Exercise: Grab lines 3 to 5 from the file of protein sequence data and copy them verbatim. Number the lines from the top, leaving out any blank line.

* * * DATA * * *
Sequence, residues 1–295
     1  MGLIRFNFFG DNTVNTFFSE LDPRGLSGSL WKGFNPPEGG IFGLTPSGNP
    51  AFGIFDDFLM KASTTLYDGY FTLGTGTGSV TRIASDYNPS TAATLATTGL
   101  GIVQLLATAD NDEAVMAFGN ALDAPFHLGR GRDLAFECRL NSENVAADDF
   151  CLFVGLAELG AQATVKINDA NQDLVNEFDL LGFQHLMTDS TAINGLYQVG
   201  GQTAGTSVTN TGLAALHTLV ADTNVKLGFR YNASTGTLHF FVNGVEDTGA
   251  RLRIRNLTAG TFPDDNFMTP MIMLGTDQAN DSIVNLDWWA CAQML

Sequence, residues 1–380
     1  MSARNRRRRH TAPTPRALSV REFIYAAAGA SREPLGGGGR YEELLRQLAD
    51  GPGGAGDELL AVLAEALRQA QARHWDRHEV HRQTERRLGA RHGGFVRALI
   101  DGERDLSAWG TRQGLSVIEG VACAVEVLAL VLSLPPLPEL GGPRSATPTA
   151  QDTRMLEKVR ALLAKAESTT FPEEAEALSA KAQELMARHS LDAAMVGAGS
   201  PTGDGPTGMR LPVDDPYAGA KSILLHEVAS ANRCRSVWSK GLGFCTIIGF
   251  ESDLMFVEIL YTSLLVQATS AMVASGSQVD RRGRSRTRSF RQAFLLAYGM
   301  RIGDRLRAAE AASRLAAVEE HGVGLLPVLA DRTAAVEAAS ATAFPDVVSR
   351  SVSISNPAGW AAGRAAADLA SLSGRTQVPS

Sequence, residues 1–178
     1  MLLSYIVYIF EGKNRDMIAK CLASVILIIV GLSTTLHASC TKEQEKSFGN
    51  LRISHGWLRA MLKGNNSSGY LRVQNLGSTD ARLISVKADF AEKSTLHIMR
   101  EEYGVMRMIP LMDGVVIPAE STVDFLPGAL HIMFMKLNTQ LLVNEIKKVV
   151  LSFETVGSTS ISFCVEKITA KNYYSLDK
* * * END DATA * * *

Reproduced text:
    51  AFGIFDDFLM KASTTLYDGY FTLGTGTGSV TRIASDYNPS TAATLATTGL
   101  GIVQLLATAD NDEAVMAFGN ALDAPFHLGR GRDLAFECRL NSENVAADDF
   151  CLFVGLAELG AQATVKINDA NQDLVNEFDL LGFQHLMTDS TAINGLYQVG